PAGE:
A last will and testament is a document that provides for the disposition of your property at the time of your death. In essence, this document details how much and to whom you want your various assets to be distributed. A will can also provide for the care of family members as well.
At Alavi Law Group we want to understand your concerns and spend time getting to know you before drafting your will. Our firm understands that every client's needs are different. As such, we will not discount the importance of your concerns, and will not rush you through the process. Our Attorney's will take the time to know your story and develop a trusting relationship. Contact us today to schedule a free consultation about drafting your complex or simple will.
Why a Will is Important
If you do not have a will, the courts will dispose of your property via intestacy laws. This means that the people who inherit your property will be determined by nothing more than their degree of relationship to you. When this happens, the court will not even consider your lifetime wishes for the disposition of your property and hard-earned assets. However, if you successfully draft a will, it will prevent the court from deciding anything related to your assets.
A will provides both your family and the court with clear direction as to how to distribute your estate upon your death. A properly executed will may outline:
- What property you own
- Where you want your property to go
- How you want this accomplished
- The people in your life you want to protect
- Who should protect your children
No aspect of estate planning is more personal than the decision to create a living will. Unlike a regular will, where you make decisions regarding assets, real property, or other tangible items, in a living will you must make difficult decisions about your medical preferences and your potential incapacity. This can be a trying and introspective process for many.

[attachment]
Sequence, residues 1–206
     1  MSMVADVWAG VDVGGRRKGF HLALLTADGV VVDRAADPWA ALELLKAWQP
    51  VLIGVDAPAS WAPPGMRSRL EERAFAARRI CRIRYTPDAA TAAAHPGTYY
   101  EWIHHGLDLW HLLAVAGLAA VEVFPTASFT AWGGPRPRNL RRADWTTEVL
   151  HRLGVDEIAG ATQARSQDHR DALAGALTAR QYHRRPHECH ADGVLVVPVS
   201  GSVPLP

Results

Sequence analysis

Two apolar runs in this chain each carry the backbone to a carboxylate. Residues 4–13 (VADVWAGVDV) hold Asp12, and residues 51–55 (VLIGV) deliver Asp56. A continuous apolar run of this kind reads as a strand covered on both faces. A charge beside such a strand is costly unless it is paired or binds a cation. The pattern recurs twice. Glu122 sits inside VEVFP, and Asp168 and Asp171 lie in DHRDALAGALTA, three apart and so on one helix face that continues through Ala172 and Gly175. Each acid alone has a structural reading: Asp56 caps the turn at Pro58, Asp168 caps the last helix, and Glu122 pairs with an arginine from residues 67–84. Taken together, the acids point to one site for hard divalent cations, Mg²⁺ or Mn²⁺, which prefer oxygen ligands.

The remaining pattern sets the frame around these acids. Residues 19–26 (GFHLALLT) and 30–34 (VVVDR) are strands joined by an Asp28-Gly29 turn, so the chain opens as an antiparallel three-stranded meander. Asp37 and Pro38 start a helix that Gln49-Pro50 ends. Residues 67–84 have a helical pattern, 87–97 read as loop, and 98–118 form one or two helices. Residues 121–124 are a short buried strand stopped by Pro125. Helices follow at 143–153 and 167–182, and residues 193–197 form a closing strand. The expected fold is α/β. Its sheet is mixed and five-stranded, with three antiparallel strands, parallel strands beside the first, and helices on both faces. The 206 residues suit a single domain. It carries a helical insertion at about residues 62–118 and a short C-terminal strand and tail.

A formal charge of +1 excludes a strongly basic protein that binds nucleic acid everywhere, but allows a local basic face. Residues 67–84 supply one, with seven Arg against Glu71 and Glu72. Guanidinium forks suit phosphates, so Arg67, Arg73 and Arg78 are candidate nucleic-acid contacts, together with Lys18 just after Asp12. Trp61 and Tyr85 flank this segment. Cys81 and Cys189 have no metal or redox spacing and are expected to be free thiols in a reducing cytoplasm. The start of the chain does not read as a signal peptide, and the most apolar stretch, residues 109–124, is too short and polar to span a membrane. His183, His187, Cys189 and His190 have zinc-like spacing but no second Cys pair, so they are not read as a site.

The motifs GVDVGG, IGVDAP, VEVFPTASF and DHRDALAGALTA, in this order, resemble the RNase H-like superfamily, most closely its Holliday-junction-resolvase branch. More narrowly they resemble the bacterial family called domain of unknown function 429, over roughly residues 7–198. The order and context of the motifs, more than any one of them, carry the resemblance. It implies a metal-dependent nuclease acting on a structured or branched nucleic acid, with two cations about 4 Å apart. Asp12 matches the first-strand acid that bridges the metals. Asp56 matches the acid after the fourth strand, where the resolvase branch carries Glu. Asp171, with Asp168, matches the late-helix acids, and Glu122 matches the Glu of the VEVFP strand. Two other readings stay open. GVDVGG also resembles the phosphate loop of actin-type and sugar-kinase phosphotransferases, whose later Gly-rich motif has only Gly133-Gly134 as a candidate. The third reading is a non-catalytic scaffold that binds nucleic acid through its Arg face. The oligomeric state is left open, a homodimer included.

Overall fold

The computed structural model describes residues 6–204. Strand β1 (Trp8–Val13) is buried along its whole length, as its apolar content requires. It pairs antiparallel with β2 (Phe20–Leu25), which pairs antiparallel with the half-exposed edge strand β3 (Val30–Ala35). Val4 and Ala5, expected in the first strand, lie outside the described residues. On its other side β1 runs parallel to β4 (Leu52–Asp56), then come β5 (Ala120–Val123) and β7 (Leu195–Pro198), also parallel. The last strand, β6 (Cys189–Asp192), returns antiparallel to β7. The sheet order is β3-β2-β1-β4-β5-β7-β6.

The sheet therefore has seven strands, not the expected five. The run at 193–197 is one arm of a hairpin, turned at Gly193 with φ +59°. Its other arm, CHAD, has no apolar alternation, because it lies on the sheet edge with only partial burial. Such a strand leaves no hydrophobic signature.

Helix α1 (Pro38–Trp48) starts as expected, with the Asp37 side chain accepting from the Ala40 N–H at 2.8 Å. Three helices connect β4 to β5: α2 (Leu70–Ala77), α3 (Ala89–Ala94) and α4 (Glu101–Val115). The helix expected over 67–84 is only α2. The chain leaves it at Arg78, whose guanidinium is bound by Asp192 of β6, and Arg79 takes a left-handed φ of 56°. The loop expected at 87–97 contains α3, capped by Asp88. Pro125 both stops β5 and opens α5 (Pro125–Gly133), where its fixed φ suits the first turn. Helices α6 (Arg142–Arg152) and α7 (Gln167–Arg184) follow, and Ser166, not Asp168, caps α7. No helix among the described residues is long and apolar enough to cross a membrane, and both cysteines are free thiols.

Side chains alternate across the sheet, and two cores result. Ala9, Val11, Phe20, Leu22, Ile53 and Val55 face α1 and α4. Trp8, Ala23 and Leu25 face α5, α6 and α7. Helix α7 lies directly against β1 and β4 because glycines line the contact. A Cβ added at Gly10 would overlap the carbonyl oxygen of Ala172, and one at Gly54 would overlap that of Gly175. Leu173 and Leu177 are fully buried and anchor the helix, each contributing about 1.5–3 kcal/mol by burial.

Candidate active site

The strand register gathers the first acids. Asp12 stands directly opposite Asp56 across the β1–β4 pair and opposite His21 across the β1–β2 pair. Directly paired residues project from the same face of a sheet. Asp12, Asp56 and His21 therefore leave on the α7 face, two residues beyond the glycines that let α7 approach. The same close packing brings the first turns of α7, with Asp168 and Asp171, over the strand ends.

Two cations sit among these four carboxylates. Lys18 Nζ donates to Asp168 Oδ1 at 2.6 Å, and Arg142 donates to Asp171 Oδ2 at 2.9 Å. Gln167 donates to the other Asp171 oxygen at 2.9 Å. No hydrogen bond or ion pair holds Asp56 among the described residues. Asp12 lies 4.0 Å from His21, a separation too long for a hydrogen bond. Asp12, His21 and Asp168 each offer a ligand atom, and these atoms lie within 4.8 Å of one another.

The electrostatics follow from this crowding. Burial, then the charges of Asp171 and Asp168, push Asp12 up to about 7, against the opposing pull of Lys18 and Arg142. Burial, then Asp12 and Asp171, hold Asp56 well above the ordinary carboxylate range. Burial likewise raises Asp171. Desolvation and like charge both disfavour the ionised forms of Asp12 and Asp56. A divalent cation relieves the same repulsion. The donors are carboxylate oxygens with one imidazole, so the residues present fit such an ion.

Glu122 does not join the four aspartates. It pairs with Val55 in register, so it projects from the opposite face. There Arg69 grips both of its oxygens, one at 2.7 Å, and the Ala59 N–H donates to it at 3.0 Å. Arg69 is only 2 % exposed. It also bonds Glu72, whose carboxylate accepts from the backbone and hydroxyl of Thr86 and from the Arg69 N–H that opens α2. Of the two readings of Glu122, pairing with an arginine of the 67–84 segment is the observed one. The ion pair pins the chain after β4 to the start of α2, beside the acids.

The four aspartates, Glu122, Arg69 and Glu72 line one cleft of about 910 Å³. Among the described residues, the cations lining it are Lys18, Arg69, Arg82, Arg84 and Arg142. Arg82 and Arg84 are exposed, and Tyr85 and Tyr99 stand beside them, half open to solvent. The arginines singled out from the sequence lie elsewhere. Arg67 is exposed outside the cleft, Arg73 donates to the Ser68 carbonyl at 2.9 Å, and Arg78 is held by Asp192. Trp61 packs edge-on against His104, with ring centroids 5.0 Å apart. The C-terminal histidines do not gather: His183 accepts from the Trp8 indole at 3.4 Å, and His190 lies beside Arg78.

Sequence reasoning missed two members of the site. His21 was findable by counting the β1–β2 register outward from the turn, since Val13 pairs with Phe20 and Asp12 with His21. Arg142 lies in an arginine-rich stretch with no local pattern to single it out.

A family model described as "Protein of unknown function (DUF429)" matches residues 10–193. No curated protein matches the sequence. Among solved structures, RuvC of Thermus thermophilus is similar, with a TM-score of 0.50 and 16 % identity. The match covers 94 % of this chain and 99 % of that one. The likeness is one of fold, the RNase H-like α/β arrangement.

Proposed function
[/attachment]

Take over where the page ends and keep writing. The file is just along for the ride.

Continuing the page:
Before drafting a living will, you will need to answer many thought-provoking questions: Do you want to give up your power of control? To whom should you give this power? For help answering these questions and more contact Alavi Law Group to schedule a free consultation.
After the Terry Schiavo incident, many people became acutely aware about the importance of creating a living will, or a medical directive, as it is otherwise known. The Alavi Law Group assists people throughout Virginia, Maryland and the District of Columbia, in determining whether a living will should be part of their estate plan.
A Living Will That Clearly Defines Your Wishes
A living will instructs your family and/or your doctor about how you wish to proceed with certain medical decisions in the event that you become incapacitated. It also serves to prevent potential fighting among family members when difficult medical decisions have to be made. You must decide certain things before signing a living will:
- Do you want a close family member to decide whether to keep you alive?
- Should a doctor be given the ability to make any life saving decisions?
A living will is an important part of any estate plan and can be as specific or as general as our clients want. Some may feel it necessary to list specific types of procedures they want administered, while others may want to simply provide general do-not-resuscitate instructions. Our attorney's will take the time to determine your wishes and will never question your decision.